Mitch McConnell’s theory of economics actually explains everything (and anything)

As previously noted, I often fall tremendously behind in my reading. This winter “break”, I’ve taken that proclivity to new levels by working my way through a stack of TIME Magazines published in 2008.

Before you suggest I choose something more relevant to  current events, allow me to note that I am quite happy having recently read reviews of WALL-E, the original Kindle, and some book or other by Jim Webb (who recently became the first official Democratic contender for the 2016 Presidency). And one particular article I came across today struck me as especially timely:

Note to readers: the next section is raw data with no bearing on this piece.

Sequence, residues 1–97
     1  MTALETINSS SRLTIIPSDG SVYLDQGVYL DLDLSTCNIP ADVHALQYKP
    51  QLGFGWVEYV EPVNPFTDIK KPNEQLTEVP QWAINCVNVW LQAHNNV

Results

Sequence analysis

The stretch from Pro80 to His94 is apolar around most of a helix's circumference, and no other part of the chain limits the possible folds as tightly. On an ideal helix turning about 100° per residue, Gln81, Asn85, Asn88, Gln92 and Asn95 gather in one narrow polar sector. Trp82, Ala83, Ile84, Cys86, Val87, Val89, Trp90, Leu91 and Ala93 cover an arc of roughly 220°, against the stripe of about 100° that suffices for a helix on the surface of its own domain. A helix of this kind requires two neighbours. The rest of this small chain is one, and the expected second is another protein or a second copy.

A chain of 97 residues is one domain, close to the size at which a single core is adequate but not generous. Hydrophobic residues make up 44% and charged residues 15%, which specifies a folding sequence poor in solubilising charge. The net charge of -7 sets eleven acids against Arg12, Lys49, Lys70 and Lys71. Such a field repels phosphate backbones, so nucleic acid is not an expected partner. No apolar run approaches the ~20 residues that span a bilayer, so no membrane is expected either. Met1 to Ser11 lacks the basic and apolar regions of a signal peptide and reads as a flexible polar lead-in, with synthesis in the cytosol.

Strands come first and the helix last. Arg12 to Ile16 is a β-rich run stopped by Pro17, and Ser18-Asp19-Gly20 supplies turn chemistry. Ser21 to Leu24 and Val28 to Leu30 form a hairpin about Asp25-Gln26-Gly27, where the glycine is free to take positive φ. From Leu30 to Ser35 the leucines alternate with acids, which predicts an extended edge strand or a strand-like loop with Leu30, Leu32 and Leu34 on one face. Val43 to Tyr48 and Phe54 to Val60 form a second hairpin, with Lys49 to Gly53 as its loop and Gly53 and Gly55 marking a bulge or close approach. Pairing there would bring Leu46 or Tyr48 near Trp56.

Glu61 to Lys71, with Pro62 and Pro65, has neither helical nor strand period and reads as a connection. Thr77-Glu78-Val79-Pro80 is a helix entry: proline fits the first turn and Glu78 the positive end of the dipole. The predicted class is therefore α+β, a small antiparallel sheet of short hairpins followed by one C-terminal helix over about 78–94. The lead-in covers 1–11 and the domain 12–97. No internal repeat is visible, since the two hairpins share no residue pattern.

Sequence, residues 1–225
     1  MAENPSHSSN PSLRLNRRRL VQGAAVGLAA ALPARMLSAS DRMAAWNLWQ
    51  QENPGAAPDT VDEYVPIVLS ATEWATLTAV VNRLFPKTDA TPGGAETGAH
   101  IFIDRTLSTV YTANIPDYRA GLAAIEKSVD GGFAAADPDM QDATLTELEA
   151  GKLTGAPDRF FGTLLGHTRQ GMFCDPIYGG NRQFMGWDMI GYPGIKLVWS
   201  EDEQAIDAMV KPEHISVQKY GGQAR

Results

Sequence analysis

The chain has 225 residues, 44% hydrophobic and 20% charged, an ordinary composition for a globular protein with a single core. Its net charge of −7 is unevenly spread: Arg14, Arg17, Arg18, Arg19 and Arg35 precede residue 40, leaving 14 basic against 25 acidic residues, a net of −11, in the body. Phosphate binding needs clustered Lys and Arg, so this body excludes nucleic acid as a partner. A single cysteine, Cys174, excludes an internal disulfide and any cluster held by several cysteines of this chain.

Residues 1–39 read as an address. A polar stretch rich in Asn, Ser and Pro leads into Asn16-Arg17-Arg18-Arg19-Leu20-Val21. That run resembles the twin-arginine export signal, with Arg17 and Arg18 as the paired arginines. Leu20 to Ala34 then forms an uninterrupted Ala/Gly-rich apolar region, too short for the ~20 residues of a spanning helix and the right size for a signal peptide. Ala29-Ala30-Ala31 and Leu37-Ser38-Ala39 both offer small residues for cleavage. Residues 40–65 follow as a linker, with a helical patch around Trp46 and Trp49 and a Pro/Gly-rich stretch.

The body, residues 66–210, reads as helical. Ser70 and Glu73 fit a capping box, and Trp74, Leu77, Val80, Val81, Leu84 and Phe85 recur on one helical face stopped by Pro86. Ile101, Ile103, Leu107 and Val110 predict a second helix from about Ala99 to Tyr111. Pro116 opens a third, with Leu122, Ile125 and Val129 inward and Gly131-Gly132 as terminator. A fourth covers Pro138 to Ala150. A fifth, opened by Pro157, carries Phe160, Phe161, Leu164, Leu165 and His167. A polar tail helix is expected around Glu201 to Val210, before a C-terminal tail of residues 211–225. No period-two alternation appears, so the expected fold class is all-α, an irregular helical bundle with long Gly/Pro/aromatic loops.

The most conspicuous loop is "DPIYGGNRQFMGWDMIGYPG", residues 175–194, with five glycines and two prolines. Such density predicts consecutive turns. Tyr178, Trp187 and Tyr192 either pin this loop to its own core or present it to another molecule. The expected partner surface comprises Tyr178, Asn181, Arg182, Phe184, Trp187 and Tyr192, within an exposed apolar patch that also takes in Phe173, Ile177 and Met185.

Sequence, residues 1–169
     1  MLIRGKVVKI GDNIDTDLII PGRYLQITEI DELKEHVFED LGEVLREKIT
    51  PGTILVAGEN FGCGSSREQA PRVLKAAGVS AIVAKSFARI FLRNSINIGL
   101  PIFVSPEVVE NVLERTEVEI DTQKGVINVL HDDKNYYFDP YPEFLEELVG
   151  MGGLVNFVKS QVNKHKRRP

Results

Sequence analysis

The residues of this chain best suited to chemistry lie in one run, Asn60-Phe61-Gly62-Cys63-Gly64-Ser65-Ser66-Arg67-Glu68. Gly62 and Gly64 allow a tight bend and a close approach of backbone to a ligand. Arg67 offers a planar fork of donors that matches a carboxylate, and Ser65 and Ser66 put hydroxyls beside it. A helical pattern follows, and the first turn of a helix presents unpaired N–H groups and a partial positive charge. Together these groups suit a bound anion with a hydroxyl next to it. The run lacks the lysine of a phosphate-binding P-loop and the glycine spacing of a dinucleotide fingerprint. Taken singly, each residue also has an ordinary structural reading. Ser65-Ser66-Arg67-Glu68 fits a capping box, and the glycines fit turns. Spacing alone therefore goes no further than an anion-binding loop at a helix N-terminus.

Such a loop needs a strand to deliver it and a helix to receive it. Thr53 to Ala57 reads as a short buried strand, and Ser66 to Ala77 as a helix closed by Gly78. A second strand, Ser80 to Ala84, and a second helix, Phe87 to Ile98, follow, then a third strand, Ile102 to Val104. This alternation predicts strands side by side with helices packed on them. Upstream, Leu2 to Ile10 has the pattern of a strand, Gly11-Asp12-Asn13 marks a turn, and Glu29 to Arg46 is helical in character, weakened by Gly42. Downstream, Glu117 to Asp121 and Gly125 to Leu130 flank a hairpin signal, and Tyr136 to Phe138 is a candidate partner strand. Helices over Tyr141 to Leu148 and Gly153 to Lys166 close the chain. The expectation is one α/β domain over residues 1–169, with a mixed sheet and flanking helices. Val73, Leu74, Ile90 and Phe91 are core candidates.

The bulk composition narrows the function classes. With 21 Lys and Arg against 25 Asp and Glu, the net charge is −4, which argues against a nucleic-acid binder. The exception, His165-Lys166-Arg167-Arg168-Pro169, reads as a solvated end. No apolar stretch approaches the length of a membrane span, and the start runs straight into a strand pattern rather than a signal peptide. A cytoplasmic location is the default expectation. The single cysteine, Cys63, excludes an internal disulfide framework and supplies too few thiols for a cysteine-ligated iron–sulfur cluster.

When I came across this account of Lehman’s demise, I could not help but be reminded of Mitch McConnell’s explanation for the recent apparent upturn in this country’s economy: “the expectation of a new Republican Congress.”

You see, the above article appeared amidst a series of issues primarily dedicated to the 2008 election. That context helped me realize that the collapse of Lehman — along with the rest of the recent financial crisis — was not caused, as suggested by the Senate’s Levin-Coburn report, by “high risk, complex financial products; undisclosed conflicts of interest; the failure of regulators, the credit rating agencies, and the market itself to rein in the excesses of Wall Street.”

Rather, the beginning of the recent recession can be attributed to the expectation of a new Democratic Presidency. Thanks, Obama.

And thank you, Mitch.


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